# 32 Slope

Bob Brown and Morgan Chase

You may use a calculator throughout this module.

The slope of a surface is a measure of its steepness. In some cases, such as a walkway or ramp or street, a shallow slope is safer than a steep slope. In other cases, such as a roof, a steep slope may be preferred because it allows rainwater or accumulated snow to move off the roof surface more easily than a shallow slope.[1]

We will first look at slope in terms of vertical and horizontal distances, and we will then look at slope in terms of angles. Come on, let’s hit the slopes!

# Slope as a Ratio

Slope is defined as the ratio of the vertical rise to the horizontal run.

• A line that is increasing in height has a positive slope.
• A line that is decreasing in height has a negative slope.[2]
• The slope of a horizontal line is 0; it is not increasing or decreasing.

A slope may be expressed as a ratio, a decimal, or a percent grade. For example, consider this loading ramp with a vertical rise of 23.5 inches and a horizontal run of 132 inches.

As a ratio, the slope is 23.5 : 132. Dividing the rise by the run gives a decimal value of approximately 0.18. Moving the decimal point two places to the right gives a grade of approximately 18%.

Exercises

Express each slope in three ways: as a ratio, a decimal, and a percent grade.

1. (This is the preferred maximum slope for sidewalks.)

2. (This is the maximum allowed slope for sidewalks.)[3]

3. (This is the maximum allowed slope for ADA-accessible ramps.)[4]

4. (This is the preferred maximum slope for open pit mines.)

# Slope as an Angle

The steepness of a line may also be described by its angle of elevation above the horizontal (or its angle of depression below the horizontal).

Notice that the vertical rise is the side opposite the angle, and the horizontal run is the side adjacent to the angle. Therefore, trigonometry tells us that . The tangent of the angle is equal to the slope.

Or, thinking about it in reverse, the inverse tangent of the slope is the angle.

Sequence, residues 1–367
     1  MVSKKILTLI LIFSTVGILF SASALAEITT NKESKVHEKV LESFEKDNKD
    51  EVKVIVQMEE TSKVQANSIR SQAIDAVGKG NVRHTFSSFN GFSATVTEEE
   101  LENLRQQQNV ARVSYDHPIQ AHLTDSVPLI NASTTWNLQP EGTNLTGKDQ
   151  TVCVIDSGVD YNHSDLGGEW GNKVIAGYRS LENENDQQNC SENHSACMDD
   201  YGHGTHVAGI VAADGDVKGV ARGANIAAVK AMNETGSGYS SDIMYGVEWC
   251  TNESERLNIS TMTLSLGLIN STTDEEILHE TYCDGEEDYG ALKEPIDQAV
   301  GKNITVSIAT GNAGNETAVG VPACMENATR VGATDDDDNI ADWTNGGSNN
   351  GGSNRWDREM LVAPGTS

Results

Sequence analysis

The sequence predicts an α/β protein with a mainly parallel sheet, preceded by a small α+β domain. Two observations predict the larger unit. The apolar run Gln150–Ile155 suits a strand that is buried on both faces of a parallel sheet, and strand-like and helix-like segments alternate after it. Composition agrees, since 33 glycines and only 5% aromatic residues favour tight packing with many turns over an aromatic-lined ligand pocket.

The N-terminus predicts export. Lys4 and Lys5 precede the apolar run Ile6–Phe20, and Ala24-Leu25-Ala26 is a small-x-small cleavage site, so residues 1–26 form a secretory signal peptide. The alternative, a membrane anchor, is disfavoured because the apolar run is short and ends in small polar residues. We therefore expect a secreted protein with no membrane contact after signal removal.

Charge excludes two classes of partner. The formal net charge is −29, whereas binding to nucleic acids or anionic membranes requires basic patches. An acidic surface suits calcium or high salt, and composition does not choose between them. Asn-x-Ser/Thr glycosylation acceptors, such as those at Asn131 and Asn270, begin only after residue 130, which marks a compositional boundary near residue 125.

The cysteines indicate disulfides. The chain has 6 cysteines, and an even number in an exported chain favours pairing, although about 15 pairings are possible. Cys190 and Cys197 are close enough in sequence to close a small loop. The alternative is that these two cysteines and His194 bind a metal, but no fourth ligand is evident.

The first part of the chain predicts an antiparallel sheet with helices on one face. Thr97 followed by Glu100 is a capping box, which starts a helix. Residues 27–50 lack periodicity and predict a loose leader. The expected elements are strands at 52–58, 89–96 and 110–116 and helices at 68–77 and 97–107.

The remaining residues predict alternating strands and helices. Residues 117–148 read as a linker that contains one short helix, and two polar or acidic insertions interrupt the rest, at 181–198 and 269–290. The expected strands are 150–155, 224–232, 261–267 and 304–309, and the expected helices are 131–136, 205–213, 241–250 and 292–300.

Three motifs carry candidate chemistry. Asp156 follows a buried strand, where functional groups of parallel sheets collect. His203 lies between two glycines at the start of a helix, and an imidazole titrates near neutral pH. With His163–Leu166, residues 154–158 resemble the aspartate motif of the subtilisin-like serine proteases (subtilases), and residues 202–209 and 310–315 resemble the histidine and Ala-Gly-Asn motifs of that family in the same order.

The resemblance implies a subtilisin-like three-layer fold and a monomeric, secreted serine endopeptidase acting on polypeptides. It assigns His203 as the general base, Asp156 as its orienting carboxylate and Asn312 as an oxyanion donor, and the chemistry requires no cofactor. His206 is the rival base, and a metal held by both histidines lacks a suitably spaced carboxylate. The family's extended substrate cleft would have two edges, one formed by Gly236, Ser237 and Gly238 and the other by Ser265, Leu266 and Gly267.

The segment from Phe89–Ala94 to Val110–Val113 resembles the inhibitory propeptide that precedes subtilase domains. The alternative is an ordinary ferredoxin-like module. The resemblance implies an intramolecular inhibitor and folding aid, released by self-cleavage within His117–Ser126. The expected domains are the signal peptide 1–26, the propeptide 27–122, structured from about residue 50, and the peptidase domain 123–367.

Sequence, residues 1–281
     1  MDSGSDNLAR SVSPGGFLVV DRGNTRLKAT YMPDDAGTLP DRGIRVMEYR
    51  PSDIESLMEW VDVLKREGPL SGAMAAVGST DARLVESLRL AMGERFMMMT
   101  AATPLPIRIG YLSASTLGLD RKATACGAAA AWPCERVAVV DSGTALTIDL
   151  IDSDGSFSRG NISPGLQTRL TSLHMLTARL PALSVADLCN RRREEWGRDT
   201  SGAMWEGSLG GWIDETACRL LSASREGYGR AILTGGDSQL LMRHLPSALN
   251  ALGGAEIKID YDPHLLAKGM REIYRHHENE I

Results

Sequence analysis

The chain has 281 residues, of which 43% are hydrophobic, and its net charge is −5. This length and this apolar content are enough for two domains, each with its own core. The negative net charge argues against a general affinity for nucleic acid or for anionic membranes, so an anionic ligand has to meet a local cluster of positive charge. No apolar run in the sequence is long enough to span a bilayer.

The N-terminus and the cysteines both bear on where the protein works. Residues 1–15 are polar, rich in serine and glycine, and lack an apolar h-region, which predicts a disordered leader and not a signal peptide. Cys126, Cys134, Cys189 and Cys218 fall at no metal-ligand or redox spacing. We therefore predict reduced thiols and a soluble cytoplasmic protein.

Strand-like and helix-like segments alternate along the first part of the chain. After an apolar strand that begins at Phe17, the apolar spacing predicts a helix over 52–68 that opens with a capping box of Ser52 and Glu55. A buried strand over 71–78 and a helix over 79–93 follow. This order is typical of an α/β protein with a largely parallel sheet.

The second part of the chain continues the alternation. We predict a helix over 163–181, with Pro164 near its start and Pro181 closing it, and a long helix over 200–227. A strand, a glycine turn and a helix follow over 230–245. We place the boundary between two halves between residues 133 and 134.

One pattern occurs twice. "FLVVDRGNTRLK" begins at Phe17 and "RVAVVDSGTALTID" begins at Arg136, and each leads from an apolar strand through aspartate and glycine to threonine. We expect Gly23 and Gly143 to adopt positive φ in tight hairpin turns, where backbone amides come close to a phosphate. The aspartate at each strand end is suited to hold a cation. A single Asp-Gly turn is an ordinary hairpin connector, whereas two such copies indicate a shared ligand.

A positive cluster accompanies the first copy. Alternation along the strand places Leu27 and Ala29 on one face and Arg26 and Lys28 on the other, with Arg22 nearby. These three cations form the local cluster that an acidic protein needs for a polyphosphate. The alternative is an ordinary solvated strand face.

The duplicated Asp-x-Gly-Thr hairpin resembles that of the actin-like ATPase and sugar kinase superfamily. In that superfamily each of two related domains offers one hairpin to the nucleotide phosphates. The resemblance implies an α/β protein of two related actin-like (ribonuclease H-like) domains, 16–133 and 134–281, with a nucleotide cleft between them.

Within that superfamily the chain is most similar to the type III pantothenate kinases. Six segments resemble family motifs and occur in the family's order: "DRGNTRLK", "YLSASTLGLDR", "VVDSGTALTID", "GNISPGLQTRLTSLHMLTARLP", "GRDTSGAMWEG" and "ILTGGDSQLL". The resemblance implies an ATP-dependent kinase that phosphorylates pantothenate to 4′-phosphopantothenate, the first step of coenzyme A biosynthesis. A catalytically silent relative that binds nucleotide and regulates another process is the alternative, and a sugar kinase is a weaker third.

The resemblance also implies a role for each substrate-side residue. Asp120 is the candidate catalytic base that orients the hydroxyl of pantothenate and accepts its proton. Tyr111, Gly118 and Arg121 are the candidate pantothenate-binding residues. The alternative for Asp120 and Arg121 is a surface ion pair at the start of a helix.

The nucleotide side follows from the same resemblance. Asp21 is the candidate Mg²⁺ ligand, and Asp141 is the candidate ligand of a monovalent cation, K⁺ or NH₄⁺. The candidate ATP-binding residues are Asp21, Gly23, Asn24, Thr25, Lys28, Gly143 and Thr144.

Exercises

Determine the angle of elevation for each slope. Round to the nearest hundredth of a degree.

For proper drainage, the ground around a building should slope downwards, away from the building.

1. The minimum downward grade of the ground is 1%. Assuming this grade, if a point on the ground is 50 feet horizontally from the base of the house, how much lower is the ground at that point?
2. The preferred minimum downward grade of the ground is 2%. Assuming this grade, if a point on the ground is 50 feet horizontally from the base of the house, how much lower is the ground at that point?
3. The maximum acceptable downward grade of the ground is 10%. Assuming this grade, if a point on the ground is 50 feet horizontally from the base of the house, how much lower is the ground at that point?

1. A motion sensor needs to be installed on the outside of a warehouse door 12 feet above the ground. The sensor should go off if anyone approaching the warehouse gets within 20 feet of the door. What angle from vertical should the sensor point away from the building to detect someone at the appropriate distance from the warehouse? Round your answer to the nearest degree.
2. A ramp is being constructed to the entrance to a public building that is 2.5 feet higher than the level courtyard in front of the entrance. Assuming that the ramp will be continuous with no switchbacks or level platforms,[5] what is the minimum horizontal distance required for the ramp so that it will comply with ADA regulations?

1. Source: https://www.nachi.org/roof-slope-pitch.htm
2. We won't worry about negative slopes in this textbook, because we can always express a negative slope using a word like "decrease", "decline", or "depression" in combination with a positive number.
5. If you were curious, this is the maximum rise allowed for this situation; a rise of more than 2.5 feet would require a switchback or a level platform.
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